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Does Melatonin Help You Sleep?

by Jimmy Leonard | Updated 17 Nov 2023

Sueño Labs does not provide medical advice. See our terms and disclaimers.

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If you’ve dabbled at all with natural sleep aids, then surely you’ve crossed paths with melatonin.

According to a 2022 Consumer Reports survey, melatonin was by far the sleep supplement of choice for American adults. It beat out the likes of valerian, magnesium, and CBD. You can get it in gummies, pills, chewable tablets, and even in a liquid dropper. In 2020, melatonin sales cleared $820 million in the U.S.

The two things experts usually say about melatonin are (1) it works and (2) don’t take too much of it. So with all the attention, it’s worth looking at what melatonin is, whether or not it helps you sleep, and why so many health professionals offer a word of caution.

Does Melatonin Help You Sleep?

What Is Melatonin?

Melatonin is a naturally occurring hormone in your body. Specifically, it’s produced in the pineal gland, which is this tiny little endocrine factory tucked into the back part of your brain. The pineal gland gets information from your retinas about how much light the body’s receiving. When it’s dark outside, melatonin production ramps up, but during daylight hours, the melatonin output slows down. Considering this, scientists believe that melatonin plays an important role in regulating your body’s circadian rhythm.

This is also why experts recommend turning down the lights before you go to bed. Dim lighting can help you sleep better because more darkness means more melatonin. While there’s some evidence suggesting that nutritional factors or age can contribute to melatonin levels (the body produces less as you get older), light exposure is by far the biggest factor in melatonin production.

Of course, we humans have done a phenomenal job inventing different forms of artificial light that can trick our brains into staying awake. Lamps and laptop screens may be useful for finishing a term paper, but they’re horrible for healthy sleep hygiene. I’m often on my computer in the evening, so I keep the brightness at the lowest possible level and use blue-light-blocking glasses (I highly recommend these) to simulate night as much as possible. But for those who can’t follow a natural sleep cycle — such as people who work nights and need to stay wide awake during peak darkness — it’s possible to artificially supplement the body’s melatonin production.

Do Melatonin Supplements Help You Sleep?

Synthetic melatonin is made from hydroxylated tryptophan, which is an amino acid found mostly in animal products. You’ve heard the word tryptophan from your auntie at Thanksgiving who says eating turkey always makes her sleepy, even though experts say turkey-induced drowsiness is a myth.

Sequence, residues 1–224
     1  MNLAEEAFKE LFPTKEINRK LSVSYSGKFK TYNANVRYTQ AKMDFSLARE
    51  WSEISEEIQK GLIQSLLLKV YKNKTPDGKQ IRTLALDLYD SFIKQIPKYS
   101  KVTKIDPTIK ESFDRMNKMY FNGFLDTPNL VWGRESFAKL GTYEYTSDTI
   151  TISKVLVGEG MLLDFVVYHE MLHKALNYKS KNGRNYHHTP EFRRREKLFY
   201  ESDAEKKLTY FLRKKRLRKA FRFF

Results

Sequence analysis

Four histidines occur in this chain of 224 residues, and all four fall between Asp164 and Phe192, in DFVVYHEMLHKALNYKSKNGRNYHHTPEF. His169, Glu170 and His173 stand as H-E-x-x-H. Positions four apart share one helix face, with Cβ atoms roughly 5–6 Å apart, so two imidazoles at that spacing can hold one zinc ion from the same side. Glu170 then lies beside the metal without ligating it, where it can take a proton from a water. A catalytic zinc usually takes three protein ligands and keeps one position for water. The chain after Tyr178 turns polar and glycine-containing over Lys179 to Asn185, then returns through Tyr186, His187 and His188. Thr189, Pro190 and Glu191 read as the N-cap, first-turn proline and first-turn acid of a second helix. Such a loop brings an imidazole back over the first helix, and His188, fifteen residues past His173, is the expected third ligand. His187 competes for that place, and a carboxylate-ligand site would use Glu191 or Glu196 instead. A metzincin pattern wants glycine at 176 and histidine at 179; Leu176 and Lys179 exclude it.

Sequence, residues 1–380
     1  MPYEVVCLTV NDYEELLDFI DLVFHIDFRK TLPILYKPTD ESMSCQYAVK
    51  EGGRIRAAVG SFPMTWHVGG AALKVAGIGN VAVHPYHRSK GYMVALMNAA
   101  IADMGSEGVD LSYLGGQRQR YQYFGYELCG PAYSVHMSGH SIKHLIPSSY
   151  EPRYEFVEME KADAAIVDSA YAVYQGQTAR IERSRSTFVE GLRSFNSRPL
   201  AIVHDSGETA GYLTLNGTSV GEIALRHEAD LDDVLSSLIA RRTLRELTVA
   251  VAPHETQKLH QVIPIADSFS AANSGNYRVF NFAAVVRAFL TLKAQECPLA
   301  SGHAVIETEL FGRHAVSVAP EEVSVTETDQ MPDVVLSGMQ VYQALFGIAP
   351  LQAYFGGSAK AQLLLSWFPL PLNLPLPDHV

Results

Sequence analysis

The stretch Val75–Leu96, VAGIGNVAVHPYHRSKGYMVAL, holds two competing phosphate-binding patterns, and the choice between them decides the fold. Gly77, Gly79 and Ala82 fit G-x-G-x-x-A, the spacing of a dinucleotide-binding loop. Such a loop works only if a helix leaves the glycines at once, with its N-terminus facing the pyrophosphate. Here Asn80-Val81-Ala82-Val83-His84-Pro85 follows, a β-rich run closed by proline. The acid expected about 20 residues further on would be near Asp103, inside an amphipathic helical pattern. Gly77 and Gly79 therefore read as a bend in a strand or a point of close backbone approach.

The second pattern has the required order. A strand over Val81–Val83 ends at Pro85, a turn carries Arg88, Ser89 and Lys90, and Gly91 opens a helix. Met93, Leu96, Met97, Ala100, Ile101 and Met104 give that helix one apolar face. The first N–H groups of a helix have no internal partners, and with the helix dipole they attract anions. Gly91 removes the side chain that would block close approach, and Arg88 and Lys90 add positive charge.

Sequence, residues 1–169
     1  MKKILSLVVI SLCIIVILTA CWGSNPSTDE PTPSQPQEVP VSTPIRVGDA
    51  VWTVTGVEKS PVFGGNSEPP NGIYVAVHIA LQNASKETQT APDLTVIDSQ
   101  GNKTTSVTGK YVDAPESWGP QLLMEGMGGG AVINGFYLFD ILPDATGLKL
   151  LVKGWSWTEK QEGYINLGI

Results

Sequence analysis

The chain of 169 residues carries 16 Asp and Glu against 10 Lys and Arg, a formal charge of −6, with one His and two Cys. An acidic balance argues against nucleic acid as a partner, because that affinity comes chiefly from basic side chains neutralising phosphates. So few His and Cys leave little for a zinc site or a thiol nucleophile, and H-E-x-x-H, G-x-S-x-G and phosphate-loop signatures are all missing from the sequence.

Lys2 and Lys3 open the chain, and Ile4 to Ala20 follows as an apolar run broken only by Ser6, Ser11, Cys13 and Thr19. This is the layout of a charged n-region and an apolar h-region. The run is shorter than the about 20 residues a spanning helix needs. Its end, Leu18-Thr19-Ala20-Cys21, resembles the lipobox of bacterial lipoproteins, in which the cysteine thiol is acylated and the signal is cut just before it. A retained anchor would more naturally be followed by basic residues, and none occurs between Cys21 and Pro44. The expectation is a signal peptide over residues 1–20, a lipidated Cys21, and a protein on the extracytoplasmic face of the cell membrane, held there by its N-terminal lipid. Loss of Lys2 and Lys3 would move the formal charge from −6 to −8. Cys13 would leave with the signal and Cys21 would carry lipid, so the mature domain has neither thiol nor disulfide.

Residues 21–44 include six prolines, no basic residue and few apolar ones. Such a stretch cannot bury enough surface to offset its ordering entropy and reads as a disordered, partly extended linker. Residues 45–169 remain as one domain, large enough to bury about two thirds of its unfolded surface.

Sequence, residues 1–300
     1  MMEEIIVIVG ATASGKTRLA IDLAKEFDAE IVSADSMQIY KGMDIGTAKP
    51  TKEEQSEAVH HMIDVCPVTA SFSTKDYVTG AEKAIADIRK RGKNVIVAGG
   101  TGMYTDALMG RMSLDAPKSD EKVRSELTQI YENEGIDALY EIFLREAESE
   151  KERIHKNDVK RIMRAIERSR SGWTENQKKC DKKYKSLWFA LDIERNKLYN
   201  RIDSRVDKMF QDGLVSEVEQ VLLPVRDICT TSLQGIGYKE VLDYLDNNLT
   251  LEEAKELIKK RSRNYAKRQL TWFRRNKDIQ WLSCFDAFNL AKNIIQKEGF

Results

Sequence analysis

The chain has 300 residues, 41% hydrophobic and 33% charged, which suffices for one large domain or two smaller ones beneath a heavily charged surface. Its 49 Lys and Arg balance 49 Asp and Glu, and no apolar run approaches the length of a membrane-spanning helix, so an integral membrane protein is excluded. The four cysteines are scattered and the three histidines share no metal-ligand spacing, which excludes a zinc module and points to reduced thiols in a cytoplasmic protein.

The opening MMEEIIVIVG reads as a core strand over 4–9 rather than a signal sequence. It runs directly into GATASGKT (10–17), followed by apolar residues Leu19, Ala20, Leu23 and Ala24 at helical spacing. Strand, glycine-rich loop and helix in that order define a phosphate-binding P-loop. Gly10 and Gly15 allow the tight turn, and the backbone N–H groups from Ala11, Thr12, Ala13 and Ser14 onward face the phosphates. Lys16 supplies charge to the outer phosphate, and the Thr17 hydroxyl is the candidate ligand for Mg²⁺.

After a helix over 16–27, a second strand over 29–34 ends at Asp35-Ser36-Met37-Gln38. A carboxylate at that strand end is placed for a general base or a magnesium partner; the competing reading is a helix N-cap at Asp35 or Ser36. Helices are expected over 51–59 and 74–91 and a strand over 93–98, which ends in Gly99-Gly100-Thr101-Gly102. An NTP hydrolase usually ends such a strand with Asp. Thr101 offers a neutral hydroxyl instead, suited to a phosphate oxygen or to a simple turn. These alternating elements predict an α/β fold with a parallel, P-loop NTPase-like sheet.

Studies involving melatonin have suggested that while it may help you fall asleep faster, particularly if you’re fighting jet lag, it’s not a cure for insomnia. Given how popular melatonin supplements are, the relatively modest effects may be surprising to most people. A 2013 study found that melatonin reduced sleep latency (i.e., helped someone fall asleep faster) by 7 minutes. Study participants who took melatonin slept on average 8 minutes longer than those who took the placebo.

If you’re normally tossing and turning for fifteen minutes before you can get comfortable, maybe cutting that time to sleep in half is appealing. A little extra sleeping in will also give you more REM time, which may increase the likelihood of having a vivid dream. But researchers caution that the body naturally produces enough melatonin on its own, so you really shouldn’t need more than 1-2 mg, unless your doctor has said otherwise. Instead of relying on supplements, a better long-term play is to establish a healthy bedtime routine that allows your body to get tired on its own. 

Can You Get Addicted to Melatonin?

Good news on this front: medical researchers say melatonin supplements are not addictive. You might get into a routine where you feel like you can’t sleep without it, but your body won’t actually form a dependency.

Some have floated the idea that an overreliance on synthetic melatonin can cause a decrease in your body’s natural chemical production, which may in turn hurt your ability to fall asleep in the future. However, there aren’t enough long-term studies to make any definitive ruling on this. Natural melatonin production decreases anyway as we age, so it’d be hard to say supplements were the cause.

The bigger danger is not that you’ll become dependent on melatonin but that you may use it as an excuse for other unhealthy sleep habits. For example, if you’re scrolling social media in a bright room at 11:30 pm while drinking a huge mug of coffee, popping a melatonin at 11:45 is not going to absolve those sleep sins. Especially if you get to the point where you feel like you need large doses of melatonin just to calm down, there’s probably something else going on that you should look into. If you are chronically restless or not sleeping well, it’s always best to discuss this with your doctor. 

Has melatonin worked for you? Tell us your story and what you’ve found to be effective.

Jimmy Leonard

Jimmy Leonard

Jimmy is a marketing content strategist and copywriter who moonlights as the editor of Sueño Labs. He writes about natural sleep remedies and healthy sleep habits.

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